This controversial notion has been proposed by a physics professor at the University of Minnesota at Duluth named Vitaly Vanchurin as a way to reconcile areas of so-called ‘classical’ physics with those of quantum mechanics — a long-standing conundrum in physics. ‘We are not just saying that artificial neural networks can be useful for analyzing physical systems, or for discovering physical laws — we are saying that this is how the world around us actually works,’ Professor Vanchurin wrote. Bold as it may sound, he continues: ‘It could be considered as a proposal for the theory of everything, and as such it should be easy to prove it wrong.’

All that is needed is to find a physical phenomenon which cannot be described by neural networks. Unfortunately, this is easier said than done.’ When considering the workings of the universe on a large scale, physicists use a particular set of theories as tools. These are tools of ‘classical mechanics’ — built upon Newton’s laws of motion — and Einstein’s theories of relativity, which explain the relationship between space and time, and how mass distorts the fabric of spacetime to create gravitational effects.

To explain phenomena on the atomic and subatomic scales, however, physicists have found that the universe is better explained by theory of  ‘quantum mechanics’. In this theory, quantities like energy and momentum are restricted to having discrete, non continuous values (known as ‘quanta’), all objects have properties of both particles and waves, and measuring any system changes it.

This last point, the essence of Heisenberg’s ‘uncertainty principle’, means that certain linked properties — such as an object’s position and velocity — cannot both be precisely known at the same time, bringing probabilities into play.

Vanchurin's controversial notion has been proposed as a way to reconcile areas of so-called ‘classical’ physics (including general relativity, which explains how mass and energy distort spacetime to create gravitational effects) with those of quantum mechanics. This ‘quantum gravity problem’ has been a long-standing hurdle in physics. While the two theories explain the universe very well on their own scales, physicists have long struggled to reconcile them together into a single universal theory.

For the two theories to mesh, gravity — described by general relativity as the curving of spacetime by matter/energy — would likely need to be made up of quanta and therefore have its own elementary particle, the graviton.  Unfortunately, the effects generated by a single graviton on matter would be extraordinarily weak — making theories of quantum gravity seemingly impossible to test and ultimately determine which, if any, are correct.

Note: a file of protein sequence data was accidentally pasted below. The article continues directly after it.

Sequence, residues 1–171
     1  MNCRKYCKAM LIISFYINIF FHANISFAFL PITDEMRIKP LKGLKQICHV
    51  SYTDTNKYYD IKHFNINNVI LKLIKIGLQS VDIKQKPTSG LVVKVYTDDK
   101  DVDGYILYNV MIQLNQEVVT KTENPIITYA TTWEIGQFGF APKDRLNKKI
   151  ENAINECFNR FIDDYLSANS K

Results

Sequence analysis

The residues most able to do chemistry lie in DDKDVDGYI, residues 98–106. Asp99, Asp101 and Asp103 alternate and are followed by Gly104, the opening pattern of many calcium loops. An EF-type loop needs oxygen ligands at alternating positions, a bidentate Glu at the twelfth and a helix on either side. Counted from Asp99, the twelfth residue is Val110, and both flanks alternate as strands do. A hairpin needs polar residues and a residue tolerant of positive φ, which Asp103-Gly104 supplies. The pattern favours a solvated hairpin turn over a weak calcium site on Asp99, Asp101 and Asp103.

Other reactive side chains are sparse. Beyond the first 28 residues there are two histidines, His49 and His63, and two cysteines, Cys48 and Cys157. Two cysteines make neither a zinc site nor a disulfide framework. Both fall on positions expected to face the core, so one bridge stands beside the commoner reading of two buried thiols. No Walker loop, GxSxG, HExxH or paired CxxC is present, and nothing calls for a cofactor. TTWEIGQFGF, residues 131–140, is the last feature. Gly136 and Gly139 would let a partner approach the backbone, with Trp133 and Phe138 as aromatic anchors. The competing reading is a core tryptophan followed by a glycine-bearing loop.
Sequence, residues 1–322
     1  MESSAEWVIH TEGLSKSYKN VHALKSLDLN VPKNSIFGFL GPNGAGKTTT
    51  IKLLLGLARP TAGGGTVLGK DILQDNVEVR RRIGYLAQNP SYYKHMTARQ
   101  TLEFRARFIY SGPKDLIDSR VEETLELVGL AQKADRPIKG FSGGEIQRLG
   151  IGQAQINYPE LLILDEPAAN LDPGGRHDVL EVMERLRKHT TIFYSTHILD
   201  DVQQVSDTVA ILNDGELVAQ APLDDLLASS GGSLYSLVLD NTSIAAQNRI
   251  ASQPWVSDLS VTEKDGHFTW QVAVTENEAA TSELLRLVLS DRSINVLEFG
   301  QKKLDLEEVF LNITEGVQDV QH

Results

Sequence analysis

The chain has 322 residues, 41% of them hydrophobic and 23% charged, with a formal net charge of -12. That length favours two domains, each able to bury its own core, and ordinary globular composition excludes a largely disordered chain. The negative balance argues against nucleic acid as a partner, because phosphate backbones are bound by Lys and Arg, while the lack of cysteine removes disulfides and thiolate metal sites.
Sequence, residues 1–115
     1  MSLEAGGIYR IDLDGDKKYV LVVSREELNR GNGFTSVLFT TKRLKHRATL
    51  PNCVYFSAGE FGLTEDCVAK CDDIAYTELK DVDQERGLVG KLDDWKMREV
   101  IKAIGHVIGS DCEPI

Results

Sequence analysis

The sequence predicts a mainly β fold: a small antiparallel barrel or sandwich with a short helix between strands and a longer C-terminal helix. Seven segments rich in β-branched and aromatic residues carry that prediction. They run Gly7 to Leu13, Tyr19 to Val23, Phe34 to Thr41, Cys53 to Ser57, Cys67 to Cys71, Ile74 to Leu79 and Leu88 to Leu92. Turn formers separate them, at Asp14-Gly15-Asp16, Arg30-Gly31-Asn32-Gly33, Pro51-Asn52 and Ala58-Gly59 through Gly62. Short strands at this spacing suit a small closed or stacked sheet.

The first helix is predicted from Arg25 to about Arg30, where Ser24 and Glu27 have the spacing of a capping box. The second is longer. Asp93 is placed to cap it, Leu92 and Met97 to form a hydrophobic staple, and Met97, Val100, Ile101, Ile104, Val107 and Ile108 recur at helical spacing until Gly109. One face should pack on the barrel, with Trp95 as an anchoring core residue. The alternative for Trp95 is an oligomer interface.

Instead of trying to reconcile general relativity and quantum mechanics into one fundamental universal theory, the neural network idea suggests that the behaviors seen in both theories emerge from something much deeper. In his study, Professor Vanchurin set out to create a model of how neural networks work — in particular, in a system with a large number of individual nodes. He says that, in certain conditions — near equilibrium — the learning behavior of a neural network can be approximately explained with the equations of quantum mechanics, while further away the laws of classical physics come into play instead. ‘The idea is definitely crazy, but perhaps crazy enough to be true. That remains to be seen,’ he added.

In addition, he explained, the theory could account for so-called ‘hidden variables’ — unknown properties of objects proposed by some physicists to explain away the uncertainty inherent in most theories of quantum mechanics.

In the emergent quantum mechanics which I considered, the hidden variables are the states of the individual neurons and the trainable variables - such as bias vector and weight matrix - are quantum variables,' Professor Vanchurin said.

In such a neural network, everything - from particles and atoms to cells and beyond - would emerge in a process analogous to evolution/natural selection, Professor Vanchurin has suggested.

There are structures of the microscopic neural network which are more stable and there are other structures which are less stable,’ he told Futurism.